“The classic analyst takes in the information and then retreats into their head and wants to think about it, then maybe checks the environment again and thinks some more,” said Dr. Charles A. Morgan III, a psychiatrist at the University of New Haven who has worked extensively with Special Operations forces. The elite combat troops operate much differently, he said. “They immediately take in their surroundings; they have a high degree of external focus. But they’re able to switch internally, make a quick decision — then act and adjust as they go.”
In training and in combat, this intense awareness and decision making become much sharper. “Essentially the decision making and acting become second nature,” said Bret Moore, the deputy director of the Army’s Warrior Resiliency Program of the Regional Health Command-Central in San Antonio. “You do not want these guys thinking too much.”
That may help explain the recent suicide findings. The research team, led by Dr. Kessler of Harvard and Dr. Robert Ursano of the Uniformed Services University of the Health Sciences, analyzed 496 suicides among men in the Army from 2004 to 2009. The risks for two jobs — infantryman and combat engineer — were higher across the board, at 37 per 100,000 each year. But the rate was 30 per 100,000 while deployed, compared with 40 per 100,000 when back home. The rate across the rest of the Army was much lower at home, 15 per 100,000, compared with during deployment, where it was 22 per 100,000.
“These are the guys, we think, who are getting into fights, or in trouble with the law, who are impulsive and don’t manage well when they’re back in a civilian world that seems boring and frustrating,” Dr. Kessler said.
Mr. Lundeby had the makings of a combat soldier from an early age. Growing up in Modesto, Calif., the younger of two brothers, he was mostly easygoing — a Boy Scout, a driven athlete — but for a sensitivity to injustices, small and large. “He had this intense sense of what was fair and just, and he would go toe to toe” with anyone, said his mother, Vicky Lundeby. “He had to be the one to make things right.”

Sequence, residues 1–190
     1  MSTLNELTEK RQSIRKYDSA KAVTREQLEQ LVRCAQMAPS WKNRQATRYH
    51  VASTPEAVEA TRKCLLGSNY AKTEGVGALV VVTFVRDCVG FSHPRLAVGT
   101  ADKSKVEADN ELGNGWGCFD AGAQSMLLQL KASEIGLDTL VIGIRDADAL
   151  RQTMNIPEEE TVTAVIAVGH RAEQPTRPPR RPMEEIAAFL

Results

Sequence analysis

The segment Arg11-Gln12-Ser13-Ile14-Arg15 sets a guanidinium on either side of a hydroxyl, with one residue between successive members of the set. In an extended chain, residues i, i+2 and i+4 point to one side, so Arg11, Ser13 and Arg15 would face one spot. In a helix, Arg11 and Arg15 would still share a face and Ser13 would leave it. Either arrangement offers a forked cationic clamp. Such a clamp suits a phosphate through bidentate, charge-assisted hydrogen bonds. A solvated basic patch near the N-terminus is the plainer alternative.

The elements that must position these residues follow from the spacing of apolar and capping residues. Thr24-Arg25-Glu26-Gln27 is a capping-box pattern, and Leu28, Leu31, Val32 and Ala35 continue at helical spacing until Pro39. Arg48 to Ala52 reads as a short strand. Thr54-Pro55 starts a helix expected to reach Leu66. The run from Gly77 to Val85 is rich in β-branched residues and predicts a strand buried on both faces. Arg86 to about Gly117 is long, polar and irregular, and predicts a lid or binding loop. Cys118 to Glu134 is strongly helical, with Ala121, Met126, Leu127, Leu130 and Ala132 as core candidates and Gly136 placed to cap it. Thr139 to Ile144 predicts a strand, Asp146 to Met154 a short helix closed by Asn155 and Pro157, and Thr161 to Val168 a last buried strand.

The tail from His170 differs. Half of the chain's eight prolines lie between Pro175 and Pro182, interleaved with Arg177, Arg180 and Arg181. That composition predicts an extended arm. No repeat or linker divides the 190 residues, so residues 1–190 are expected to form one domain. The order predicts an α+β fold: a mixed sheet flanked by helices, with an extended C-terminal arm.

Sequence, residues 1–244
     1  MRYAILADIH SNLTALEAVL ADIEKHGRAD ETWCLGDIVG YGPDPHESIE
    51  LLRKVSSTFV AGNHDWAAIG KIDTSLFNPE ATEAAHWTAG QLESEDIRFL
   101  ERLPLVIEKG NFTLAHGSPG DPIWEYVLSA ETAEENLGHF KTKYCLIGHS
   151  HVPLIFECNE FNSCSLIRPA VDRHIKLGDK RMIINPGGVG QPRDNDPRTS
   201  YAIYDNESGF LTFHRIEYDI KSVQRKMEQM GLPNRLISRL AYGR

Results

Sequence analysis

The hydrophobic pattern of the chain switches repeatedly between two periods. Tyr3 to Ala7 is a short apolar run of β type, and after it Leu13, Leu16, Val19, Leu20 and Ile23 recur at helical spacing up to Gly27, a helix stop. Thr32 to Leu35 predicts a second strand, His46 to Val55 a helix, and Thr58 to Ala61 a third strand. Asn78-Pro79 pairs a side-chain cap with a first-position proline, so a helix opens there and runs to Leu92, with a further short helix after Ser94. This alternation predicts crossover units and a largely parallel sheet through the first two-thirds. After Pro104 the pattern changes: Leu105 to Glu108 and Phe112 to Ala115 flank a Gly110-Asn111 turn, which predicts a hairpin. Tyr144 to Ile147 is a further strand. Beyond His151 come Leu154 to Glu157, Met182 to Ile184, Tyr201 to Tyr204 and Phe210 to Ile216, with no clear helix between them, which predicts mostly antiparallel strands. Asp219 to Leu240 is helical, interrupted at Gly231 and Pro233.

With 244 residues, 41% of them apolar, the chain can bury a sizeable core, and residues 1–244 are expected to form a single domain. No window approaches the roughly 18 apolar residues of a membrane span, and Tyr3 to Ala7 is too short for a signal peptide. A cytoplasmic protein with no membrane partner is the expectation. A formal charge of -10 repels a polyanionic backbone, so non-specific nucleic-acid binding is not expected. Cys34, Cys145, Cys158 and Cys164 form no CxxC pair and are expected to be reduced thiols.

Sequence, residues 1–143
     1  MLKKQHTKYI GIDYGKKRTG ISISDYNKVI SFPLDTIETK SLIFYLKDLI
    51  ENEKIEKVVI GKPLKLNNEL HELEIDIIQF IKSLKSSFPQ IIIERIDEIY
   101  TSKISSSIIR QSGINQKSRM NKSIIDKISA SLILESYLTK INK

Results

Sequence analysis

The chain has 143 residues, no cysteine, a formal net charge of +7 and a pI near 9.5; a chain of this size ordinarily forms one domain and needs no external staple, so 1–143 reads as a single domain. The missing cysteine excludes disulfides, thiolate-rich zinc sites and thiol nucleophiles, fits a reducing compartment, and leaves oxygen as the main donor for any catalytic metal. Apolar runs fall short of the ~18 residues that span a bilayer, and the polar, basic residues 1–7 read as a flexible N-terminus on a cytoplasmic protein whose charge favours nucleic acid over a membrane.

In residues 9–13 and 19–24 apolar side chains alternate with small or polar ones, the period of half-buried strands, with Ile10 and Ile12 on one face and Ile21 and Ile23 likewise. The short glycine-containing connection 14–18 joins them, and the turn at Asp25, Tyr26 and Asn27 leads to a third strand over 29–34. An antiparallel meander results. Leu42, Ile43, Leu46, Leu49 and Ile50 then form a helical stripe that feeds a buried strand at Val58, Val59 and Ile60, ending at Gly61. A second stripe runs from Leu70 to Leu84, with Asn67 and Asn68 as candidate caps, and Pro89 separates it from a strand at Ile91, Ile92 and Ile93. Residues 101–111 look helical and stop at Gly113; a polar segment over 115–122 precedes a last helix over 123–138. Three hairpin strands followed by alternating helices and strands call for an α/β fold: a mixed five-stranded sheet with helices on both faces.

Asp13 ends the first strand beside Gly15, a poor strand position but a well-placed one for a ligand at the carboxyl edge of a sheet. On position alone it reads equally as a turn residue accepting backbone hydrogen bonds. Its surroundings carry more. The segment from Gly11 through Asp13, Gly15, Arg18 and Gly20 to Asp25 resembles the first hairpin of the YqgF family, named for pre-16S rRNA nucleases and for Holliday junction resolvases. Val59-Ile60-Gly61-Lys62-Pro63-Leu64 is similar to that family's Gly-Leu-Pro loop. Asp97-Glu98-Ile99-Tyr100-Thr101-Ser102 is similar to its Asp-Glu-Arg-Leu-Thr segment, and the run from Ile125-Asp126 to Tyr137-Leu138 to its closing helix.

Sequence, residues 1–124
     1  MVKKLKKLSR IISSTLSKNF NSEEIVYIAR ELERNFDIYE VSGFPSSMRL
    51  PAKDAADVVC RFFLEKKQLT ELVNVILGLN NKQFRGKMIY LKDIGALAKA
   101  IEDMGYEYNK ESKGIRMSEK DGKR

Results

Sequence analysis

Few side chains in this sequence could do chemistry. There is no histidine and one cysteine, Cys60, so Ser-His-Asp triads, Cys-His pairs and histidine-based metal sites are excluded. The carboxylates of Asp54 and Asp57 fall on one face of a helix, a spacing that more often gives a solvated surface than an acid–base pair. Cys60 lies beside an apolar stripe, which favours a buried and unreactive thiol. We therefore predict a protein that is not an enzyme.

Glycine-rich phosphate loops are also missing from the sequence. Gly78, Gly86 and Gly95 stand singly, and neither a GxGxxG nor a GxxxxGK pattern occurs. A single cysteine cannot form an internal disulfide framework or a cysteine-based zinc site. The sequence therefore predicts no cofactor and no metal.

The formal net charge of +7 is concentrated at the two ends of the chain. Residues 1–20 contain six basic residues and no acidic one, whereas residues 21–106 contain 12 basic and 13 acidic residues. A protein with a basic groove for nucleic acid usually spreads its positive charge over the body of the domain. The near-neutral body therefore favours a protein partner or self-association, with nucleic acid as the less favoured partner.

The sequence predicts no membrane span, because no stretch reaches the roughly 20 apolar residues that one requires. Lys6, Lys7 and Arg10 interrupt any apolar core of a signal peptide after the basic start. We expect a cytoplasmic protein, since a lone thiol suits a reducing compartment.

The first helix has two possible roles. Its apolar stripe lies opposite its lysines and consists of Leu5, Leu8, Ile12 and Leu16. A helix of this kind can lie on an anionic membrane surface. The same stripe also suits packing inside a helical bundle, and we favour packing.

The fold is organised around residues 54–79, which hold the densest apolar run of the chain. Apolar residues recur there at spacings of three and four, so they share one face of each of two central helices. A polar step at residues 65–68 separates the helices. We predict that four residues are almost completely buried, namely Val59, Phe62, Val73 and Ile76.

That quality left him feeling bored and disconnected after high school, studying graphic arts at a local community college. The news coming out of Iraq in 2003 put him in motion: He signed up for the Army Reserve, then the National Guard. In 2005, Hurricane Katrina landed his Guard unit in New Orleans, working for a month to contain looting and help people evacuate to safety. “I decided, right there,” he said, “I want to do this every day.”
“Katrina changed him,” said his father, Luther. “I feel like it gave him that purpose he wanted.”
Ryan Lundeby joined the Army and soon set his sights on the Rangers, beginning an intense training regimen. In 2007, he deployed for the first time, to Iraq. “It felt like Christmas; finally, a chance to do this for keeps.”
But returning home for good in 2010, he was a man on constant patrol. He raged at fellow drivers whom he considered rude or careless. He confronted litterers, often by picking up the offending cigarette butt or fast-food wrapper and throwing it in their faces. When a driver cut off Mary, then his fiancée, on her way home from work, he jumped on his motorcycle in nothing but running shorts and prowled the neighborhood to make the man pay.
“I don’t know what I would have done if I’d found him,” he said. “But I feel like that’s what happens to guys. You react — and next thing you know, the police are there.”
The combat veterans in this category form “a pretty closed club,” said Ford Sypher, a friend of Mr. Lundeby’s and a fellow Ranger, who deployed five times and, after leaving the Army, has returned to the Middle East, now as a documentary filmmaker. “We don’t talk about this stuff much with anyone. But we’re all trying to figure out ways to manage it.”
For now, there is no therapy that reliably reverses or dials down the instincts acquired in multiple combat tours. Military-backed researchers are experimenting with a variety of approaches for these veterans, including virtual reality and biofeedback techniques, in effect to train new instincts that overwrite the old ones.
There are psychologists who argue that vigilance, snap decision making and other combat attributes can be helpful in some aspects of civilian life. “You begin by letting people know that they’re not crazy, it’s not at all abnormal to have these reactions — it’s normal,” said Richard Tedeschi, a psychologist at the University of North Carolina, Charlotte, who works with veterans. And those skills, he added, “can be turned to a future mission, whether that’s related to family, or helping other vets, or to a job.”
Mr. Lundeby has been lucky. He has a supportive family and group of friends, and a wife who understands his quirks and helps him manage them. She was the one who demanded he visit a veterans clinic, which led to therapy with a former Marine who understood how to get him to think before acting — even if the urge was strong.
“He got me to ask, ‘Do I have time to do this — to right every wrong?’” said Mr. Lundeby, who several months ago landed his first post-deployment job, at a helicopter manufacturer. “And he got me to see the humanity of the people I was confronting.”
“So I may always be a Ranger, in some ways,” he said, “but I’ve stopped trying to be the world’s sheriff.”